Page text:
Gang Lin, Xiaoyan Duan, Xiaobo Cai, Liyan Tian, Zhengjie Xu and Jiangao Fan
: potential implications for inflammation and plaque instability. Circulation. 2000; 101: 1372-8.
13. Mazzone GL, Rigato I, Ostrow JD, Bossi F, Bortoluzzi A, Sukowati CH, et al. Bilirubin inhibits the TNFalpharelated induction of three endothelial adhesion molecules. Biochem Biophys Res Commun. 2009; 386: 338-44.
14. Jin X, Yang YD, Chen K, Lv ZY, Zheng L, Liu YP, et al. HDMCP uncouples yeast mitochondrial respiration and alleviates steatosis in L02 and hepG2 cells by decreasing ATP and H2O2 levels: a novel mechanism for NAFLD. J Hepatol
Sher Zaman Safi, Yasmin Badshah, Yasir Waheed, Kaneez Fatima, Sadia Tahir, Alamgir Shinwari and Ishtiaq Qadri
. Hepatology. 1992; 16:293-9.
6. Kanai K, Kako M, Okamoto H. HCV genotypes in chronic hepatitis C virus and response to interferon. Lancet. 1992; 339:1543.
7. Shah H.A, Jafri W, Malik I, Prescott L, Simmonds P. Hepatitis C virus (HCV) genotypes and chronic liver disease in Pakistan. J Gastroenterol Hepatol. 1997; 12: 758-61.
8. Szanto P, Grigorescu M, Dumitru I, Serban A. Steatosis in hepatitis C virus infection. Response to anti-viral therapy. J Gastrointestin Liver Dis. 2006; 15:117-24
9. Marzouk D, Sass J
Sombat Treeprasertsuk, Piyawat Komolmit and Wiriya Tanyaowalak
Ther. 2005; 22(Suppl 2):24-7.
4. Lonardo A, Adinolfi LE, Loria P, Carulli N, Ruggiero G, Day CP. Steatosis and hepatitis C virus: mechanisms and significance for hepatic and extrahepatic disease. Gastroenterology. 2004; 126:586-97.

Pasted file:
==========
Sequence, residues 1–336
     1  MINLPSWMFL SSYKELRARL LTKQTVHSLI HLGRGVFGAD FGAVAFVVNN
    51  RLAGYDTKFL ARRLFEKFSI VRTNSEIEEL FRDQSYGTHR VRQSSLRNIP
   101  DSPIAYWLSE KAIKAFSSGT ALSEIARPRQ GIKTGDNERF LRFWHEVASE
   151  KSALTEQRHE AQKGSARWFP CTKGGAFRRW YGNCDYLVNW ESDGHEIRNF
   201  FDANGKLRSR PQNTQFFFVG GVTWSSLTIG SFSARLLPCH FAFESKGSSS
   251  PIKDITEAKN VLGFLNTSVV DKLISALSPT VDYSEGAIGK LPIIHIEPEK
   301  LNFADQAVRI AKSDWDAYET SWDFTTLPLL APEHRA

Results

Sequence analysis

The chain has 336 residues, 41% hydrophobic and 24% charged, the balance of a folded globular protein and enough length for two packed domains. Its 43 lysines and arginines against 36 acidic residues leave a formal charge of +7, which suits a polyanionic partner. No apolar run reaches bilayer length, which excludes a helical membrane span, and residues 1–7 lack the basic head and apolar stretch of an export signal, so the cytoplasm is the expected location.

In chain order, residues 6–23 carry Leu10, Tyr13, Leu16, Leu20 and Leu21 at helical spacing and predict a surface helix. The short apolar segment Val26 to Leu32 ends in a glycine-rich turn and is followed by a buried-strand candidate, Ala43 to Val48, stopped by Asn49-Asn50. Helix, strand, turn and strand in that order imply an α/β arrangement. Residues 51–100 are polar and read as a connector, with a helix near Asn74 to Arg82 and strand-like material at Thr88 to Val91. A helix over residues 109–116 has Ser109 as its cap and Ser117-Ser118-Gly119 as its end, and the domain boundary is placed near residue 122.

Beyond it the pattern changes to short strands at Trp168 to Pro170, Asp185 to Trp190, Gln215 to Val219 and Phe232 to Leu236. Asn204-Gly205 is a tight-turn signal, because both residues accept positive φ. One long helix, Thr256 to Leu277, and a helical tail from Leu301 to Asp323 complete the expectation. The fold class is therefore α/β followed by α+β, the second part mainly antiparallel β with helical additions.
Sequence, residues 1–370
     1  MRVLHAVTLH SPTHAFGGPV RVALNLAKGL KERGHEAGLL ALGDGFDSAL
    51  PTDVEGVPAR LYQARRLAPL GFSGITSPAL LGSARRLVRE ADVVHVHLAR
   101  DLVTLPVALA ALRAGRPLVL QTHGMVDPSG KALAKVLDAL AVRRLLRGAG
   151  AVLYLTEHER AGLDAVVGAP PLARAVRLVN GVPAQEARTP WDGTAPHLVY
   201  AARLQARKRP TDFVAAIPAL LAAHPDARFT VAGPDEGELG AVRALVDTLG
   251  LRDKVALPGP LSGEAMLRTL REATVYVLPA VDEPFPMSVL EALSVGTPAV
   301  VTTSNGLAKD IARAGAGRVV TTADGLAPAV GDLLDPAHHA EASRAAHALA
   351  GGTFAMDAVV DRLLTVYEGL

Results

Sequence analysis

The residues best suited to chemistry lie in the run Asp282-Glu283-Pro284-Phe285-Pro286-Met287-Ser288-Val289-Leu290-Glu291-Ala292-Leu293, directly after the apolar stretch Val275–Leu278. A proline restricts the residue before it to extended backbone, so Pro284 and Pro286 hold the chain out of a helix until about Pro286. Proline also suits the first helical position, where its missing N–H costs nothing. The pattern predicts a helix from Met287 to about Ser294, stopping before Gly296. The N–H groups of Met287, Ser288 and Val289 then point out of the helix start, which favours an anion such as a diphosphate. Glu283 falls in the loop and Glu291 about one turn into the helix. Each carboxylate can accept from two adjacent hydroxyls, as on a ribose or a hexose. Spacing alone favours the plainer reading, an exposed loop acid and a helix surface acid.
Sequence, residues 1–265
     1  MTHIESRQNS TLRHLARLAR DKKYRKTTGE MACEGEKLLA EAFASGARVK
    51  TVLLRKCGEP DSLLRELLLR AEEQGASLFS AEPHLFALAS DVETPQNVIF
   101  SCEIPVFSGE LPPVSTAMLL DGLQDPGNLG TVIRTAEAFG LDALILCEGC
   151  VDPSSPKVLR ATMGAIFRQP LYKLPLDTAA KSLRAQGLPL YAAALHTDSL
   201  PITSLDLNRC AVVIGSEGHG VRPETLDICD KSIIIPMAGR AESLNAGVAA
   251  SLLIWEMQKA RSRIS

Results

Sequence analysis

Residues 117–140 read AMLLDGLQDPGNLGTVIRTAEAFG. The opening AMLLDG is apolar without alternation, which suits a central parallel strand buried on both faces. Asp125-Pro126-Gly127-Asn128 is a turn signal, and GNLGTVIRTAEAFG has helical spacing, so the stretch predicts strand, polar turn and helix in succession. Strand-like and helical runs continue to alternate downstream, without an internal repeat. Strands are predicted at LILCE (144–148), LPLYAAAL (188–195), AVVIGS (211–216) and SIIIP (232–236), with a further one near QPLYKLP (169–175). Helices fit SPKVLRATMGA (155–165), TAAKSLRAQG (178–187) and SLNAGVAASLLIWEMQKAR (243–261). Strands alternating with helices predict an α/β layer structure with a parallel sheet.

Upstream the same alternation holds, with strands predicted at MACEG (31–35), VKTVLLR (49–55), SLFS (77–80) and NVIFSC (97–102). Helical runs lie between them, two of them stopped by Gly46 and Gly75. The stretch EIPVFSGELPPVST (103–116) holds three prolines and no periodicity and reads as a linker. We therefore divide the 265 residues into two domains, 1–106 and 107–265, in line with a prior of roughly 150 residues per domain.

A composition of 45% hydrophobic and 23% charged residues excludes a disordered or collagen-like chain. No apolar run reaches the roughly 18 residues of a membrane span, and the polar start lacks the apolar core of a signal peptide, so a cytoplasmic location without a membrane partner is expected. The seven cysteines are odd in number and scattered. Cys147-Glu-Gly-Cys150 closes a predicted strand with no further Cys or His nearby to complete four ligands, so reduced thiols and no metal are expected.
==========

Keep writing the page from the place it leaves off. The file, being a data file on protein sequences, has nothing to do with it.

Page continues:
5. Clouston AD, Jonsson JR, Powell EE. Steatosis as a cofactor in other liver diseases: hepatitis C virus, alcohol, hemochromatosis, and others. Clin Liver Dis. 2007; 11:173-89.
6. Yokoyama H, Hirose H, Ohgo H, Saito I. Inverse association between serum adiponectin level and transaminase
Puth Muangpaisarn, Kanisa Jampoka, Sunchai Payungporn, Naruemon Wisedopas, Chalermrat Bunchorntavakul, Pisit Tangkijvanich and Sombat Treeprasertsuk
Currently, nonalcoholic fatty liver disease (NAFLD) has become a worldwide health concern because its prevalence is rising and it is an emerging etiology of chronic liver diseases [ 1 - 3 ]. Moreover. NAFLD is closely associated with obesity metabolic syndrome, and cardiovascular diseases [ 4 ]. NAFLD can be divided into two groups: simple steatosis and nonalcoholic steatohepatitis (NASH) [ 5 ]. In particular, NASH increases the risk of death compared with the general population, and can progress to cirrhosis and hepatocellular carcinoma [ 5 , 6 ]. Importantly